Western & English Today

Summer 2016

W&E Today provides retailers and manufacturers with education and ideas that provoke innovation in the Western and English markets.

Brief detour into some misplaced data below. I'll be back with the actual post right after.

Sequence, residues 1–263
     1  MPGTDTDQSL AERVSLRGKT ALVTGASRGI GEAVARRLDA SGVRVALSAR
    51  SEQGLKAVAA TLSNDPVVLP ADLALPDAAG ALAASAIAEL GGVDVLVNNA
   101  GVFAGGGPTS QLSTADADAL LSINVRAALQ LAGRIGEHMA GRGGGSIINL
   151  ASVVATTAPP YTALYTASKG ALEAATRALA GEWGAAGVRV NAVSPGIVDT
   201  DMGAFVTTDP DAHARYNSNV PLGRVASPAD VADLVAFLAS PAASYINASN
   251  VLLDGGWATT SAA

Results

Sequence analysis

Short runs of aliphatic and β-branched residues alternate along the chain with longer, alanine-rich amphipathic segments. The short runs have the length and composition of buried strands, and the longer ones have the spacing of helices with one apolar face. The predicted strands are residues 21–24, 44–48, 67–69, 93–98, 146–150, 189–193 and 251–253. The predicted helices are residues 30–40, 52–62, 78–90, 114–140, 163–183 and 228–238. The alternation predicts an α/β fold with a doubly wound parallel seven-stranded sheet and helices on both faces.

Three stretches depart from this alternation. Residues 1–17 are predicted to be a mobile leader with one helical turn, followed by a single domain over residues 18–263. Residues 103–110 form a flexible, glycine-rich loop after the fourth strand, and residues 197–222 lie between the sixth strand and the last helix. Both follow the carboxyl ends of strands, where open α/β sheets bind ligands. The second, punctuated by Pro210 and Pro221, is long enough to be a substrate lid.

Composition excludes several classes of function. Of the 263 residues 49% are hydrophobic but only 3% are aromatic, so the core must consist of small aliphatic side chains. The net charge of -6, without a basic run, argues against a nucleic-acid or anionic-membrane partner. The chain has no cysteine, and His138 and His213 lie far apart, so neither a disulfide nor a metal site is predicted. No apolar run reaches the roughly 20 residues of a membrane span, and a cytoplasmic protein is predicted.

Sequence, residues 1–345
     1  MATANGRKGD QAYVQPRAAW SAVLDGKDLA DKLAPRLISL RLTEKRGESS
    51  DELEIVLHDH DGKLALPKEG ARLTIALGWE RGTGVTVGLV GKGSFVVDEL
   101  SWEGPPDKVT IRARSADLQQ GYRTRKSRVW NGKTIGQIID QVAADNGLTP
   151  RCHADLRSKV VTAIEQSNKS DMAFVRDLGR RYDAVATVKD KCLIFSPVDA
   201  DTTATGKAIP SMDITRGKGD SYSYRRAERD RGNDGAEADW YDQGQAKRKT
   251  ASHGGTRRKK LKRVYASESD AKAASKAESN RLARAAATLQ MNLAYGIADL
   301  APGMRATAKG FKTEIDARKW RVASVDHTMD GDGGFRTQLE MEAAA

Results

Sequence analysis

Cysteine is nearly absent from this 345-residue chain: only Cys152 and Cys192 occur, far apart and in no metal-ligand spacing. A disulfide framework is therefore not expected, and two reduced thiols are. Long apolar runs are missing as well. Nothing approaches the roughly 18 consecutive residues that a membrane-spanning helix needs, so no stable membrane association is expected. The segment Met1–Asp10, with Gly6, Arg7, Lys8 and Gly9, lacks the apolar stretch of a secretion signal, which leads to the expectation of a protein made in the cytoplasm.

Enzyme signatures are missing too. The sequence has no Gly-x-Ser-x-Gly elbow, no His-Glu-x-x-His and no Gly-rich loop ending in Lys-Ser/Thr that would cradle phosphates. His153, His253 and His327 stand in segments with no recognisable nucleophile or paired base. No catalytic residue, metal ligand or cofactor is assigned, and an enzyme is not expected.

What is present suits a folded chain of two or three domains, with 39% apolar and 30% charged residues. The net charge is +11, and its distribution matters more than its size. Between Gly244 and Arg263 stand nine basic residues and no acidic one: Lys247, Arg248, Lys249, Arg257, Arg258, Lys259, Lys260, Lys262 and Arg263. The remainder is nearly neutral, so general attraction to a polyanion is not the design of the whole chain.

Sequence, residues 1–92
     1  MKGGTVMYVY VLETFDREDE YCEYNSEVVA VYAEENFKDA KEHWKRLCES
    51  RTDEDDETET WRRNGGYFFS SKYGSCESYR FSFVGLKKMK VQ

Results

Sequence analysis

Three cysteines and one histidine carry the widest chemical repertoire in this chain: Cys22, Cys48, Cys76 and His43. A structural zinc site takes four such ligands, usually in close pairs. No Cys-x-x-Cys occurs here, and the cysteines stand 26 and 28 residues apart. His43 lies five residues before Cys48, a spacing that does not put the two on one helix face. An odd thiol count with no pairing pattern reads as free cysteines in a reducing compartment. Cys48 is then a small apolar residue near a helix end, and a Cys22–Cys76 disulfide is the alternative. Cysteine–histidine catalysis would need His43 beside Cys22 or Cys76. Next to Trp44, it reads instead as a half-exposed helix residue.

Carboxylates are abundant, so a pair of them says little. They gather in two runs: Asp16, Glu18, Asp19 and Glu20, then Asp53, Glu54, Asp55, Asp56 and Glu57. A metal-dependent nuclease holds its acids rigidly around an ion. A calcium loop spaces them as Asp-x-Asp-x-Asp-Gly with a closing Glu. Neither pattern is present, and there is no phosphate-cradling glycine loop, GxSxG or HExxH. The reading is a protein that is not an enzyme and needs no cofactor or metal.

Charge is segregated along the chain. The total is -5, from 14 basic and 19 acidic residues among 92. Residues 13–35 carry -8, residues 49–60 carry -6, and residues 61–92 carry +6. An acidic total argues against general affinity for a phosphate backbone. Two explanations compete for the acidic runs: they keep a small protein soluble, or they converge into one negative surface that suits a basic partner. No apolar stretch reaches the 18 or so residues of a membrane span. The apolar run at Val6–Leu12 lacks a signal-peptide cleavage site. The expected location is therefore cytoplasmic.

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8 Western & English Today SUMMER 2016 MANUFACTURER PROFILE T HE UPS-AND-DOWNS OF THE Westernwear industry may inadver- tently mimic the gyrations of a sad- dle bronc. To survive in this apparel genre, it helps to know how to stick, and how to adjust your seat when the horse surprises you with a 180-degree turn. "Te dynamics of the indus- try have changed so much that we all need to continually look at different ways of doing business," says Roland Mizrahi, owner and president of Sidran, LLC in Dallas-Fort Worth. "You must be able to adapt and change quickly. In this economy, the pie doesn't get bigger. It's all about what your piece of the pie is." Roland purchased the company — founded as a sportswear manufacturer in 1939 by Joseph Sidran — in the early '90s, coming to the rescue when the apparel business had yet to recover from the post-war recession of the early '80s. With academic degrees in fnance and account- ing, Roland was one of the frst to quantify tangible benefts of designing in America and outsourcing manufacturing to China. "It was a real culture shock to do business there," he says. Still, doing so put the company on the straight path to increasing gross margins. He also researched outside normal channels to find that Western associations, including the Professional Bull Riders and the Am er ican Quarter Horse Association, needed embroi- dered jackets and other outerwear. "When the next recession began in 2007, we were 'over the edge' in many good ways," he says. Today, Sidran is known for much more than sportswear. While maintaining its perennially popular Circle S line of tailored menswear with Western fair, the company founded the Crip- ple Creek collection in 1994, adding leather and outerwear for men, women, and children to its repertoire. Ten in 2012, Cowgirl Up and Cowboy Up were introduced to the lineup via a license-to-purchase agreement, launching Sidran into the world of knits and denim. FAMILY BUSINESS MATTERS To help the company keep moving forward, Roland enlisted a new right-hand man: his son, Lane Mizrahi. But Lane wasn't automati- cally gifed the job as the current vice president of marketing and management. He had to "go through a process like everybody else," says Roland. "I told him, 'Send me your resume.' " Ten came the tryout. "I wanted to think about his strengths, see how he interviewed, and whether he kept his head up," the elder Mizrahi says. "Tere was no preferential treat- ment, and yes, he's defnitely earned his keep. He brings a lot of vitality to his job and to this company." Lane's also brought finely honed retail skills from two years at venerable clothier Abercrombie & Fitch, with relevant experience in ladies' fashions — including T-shirt design. Both father and son know there's more to success than delivering a great product; it's just as much about building trusting relationships the retailers. "We do stand behind our prod- uct. If, by chance, we see defects, we replace PHOTOGRAPHY: COURTESY SIDRAN, LLC IT'S ALL RELATIVE A new generation saddles up as Sidran continues its wild ride in Westernwear. by Stephanie Stephens

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